The will Trump survive betting is available but what that makes that unattractive to punters is that you can get barely evens on either side and your stake could be locked up for three and a half years.

Mike Smithson


Mr. Corbyn is playing a dangerous game with the majority of LAB voters who want to remain

Tuesday, July 25th, 2017


He’s got away with it so far but that could end abruptly

One of the extraordinary features about the current febrile political situation is that Corbyn is taking a totally different line on Brexit from the vast majority of Labour voters. His ambivalence survived the GE2017 campaign because, frankly, no one believed his party stood an earthly and it didn’t receive the critical attention Team TMay had to deal with.

Now LAB is leading in the polls (2% up in today’s YouGov) and the leader is coming under greater scrutiny.

The latest YouGov Brexit polling tracker is above and shows the party splits and highlights the vast gap between the rhetoric from the LAB leadership and those who actually support the party.

There’s a good article from Hugo Rifkind in the Times (£) this morning about the widespread misconceptions about Corbyn. This is what he notes on Brexit.

“…..Another misconception, albeit one that may have somewhat hit the skids this weekend past, is the idea that Corbyn, at heart, is sad that we are leaving the European Union. “So what,” his Remainer supporters shrug, “if he voted to leave the common market (1975), voted against the single market (1986), opposed Maastricht (1992), opposed Lisbon (2007), and campaigned for Remain (last year) with all the keen enthusiasm of a chap with vicious haemorrhoids having his annual prostate check-up? He’s still one of us!”

This misconception survived even his sacking of three shadow ministers for backing a pro-single market amendment to the Queen’s Speech, which led Nigel Farage, of all people, to declare “he’s almost a proper chap”. Billy Bragg, the folk singer, immediately declared that Corbyn must be playing a cunning “long game”, with a plan to soften Brexit once the Tories had self-destructed over it. Hey, it’s a theory. This weekend, the Labour leader told the BBC that his party would leave the single market so as to end “wholesale importation of underpaid workers from central Europe”. Is this the great antidote to Tory Brexit? Is it the politics that the crowds of Glastonbury gathered to cheer? Doubtless, some will be frenetically triangulating, right now, to find a way to insist that it was…”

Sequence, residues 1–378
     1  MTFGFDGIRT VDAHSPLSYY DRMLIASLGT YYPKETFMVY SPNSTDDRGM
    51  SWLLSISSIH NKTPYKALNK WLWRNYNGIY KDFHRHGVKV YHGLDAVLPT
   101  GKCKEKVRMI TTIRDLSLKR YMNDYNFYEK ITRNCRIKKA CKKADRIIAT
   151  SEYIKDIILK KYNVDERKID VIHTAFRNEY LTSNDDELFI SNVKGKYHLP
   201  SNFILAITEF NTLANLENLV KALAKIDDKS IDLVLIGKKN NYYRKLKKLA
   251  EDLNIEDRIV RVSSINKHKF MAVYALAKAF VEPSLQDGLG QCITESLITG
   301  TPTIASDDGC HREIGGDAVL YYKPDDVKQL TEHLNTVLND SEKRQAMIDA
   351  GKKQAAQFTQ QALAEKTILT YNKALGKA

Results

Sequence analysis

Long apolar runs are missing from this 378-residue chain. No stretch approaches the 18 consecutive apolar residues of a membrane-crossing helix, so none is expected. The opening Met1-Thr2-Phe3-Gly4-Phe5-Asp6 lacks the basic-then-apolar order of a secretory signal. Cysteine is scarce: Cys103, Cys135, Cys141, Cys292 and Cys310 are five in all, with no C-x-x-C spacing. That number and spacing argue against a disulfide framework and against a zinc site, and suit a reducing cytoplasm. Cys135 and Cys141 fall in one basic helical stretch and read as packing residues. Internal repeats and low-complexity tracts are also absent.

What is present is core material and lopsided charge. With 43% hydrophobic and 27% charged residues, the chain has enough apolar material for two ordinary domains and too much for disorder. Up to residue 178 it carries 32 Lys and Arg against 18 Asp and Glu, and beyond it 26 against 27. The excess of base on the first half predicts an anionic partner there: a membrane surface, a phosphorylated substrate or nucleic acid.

The LAB leader has got away with it so far but I get a sense that the pro-Corbyn media narrative is starting to fade and when that happens things can change very quickly. His explanation on on what appeared to be a campaign promise on student fees looked feeble.

Mike Smithson


NEW PB/Polling Matters podcast: Jeremy Corbyn is Britain’s most popular politician – but there’s a catch LISTEN

Wednesday, July 19th, 2017

On this week’s PB/Polling Matters podcast, Keiran Pedley and Leo Barasi discuss exclusive polling from Opinium that looks at how popular a series of frontline British politicians are.

The poll asked a nationally representative sample of UK adults to rate the following politicians on a scale of 0 to 10 on the basis of how favourable they were to them:

  • Jeremy Corbyn
  • Sadiq Khan
  • Yvette Cooper
  • Keir Starmer
  • Emily Thornberry
  • Diane Abbott
  • Ed Miliband
  • Theresa May
  • Boris Johnson
  • David Davis
  • Phillip Hammond
  • Ruth Davidson
  • Michael Gove
  • Amber Rudd
  • Vince Cable
  • Nicola Sturgeon
  • Arlene Foster

Jeremy Corbyn was the winner – but there’s a catch. Listen to the podcast to find out more.

Keiran and Leo also discuss Tony Blair’s recent Brexit intervention and ask whether he is a help or a hindrance to his cause. You can listen to the show below:

Follow this week’s guests:




Tony Blair: Must we love him or loathe him? Don Brind says No

Monday, July 17th, 2017

Tony Blair was at his brilliant best in his Sky interview with Sophy Ridge who introduced him as someone people either love or loathe. Blair demonstrated his supreme ability to present evidence and argument in an accessible and compelling way. I didn’t need convincing that Brexit is a looming disaster but it was a joy to hear the case made so impressively.

The big question, though, is whether anyone now listens to Tony Blair? What does he need to do better to influence the debate on Brexit about which he clearly cares so deeply.

In so far as these labels are helpful I think of myself as a Kinnockite. I always bridle at the “Tony Blair won three landslide victories” mantra. This is not to say that Blair wasn’t a skilled leader and a gifted communicator — just that his inheritance from Neil Kinnock, John Smith and Margaret Beckett was a handsome one.

No party was ever in better shape than the Labour party when Tony Blair took over the leadership of the Labour party in 1994. If that was acknowledged by Blair and the Blairites they would boost not diminish his influence.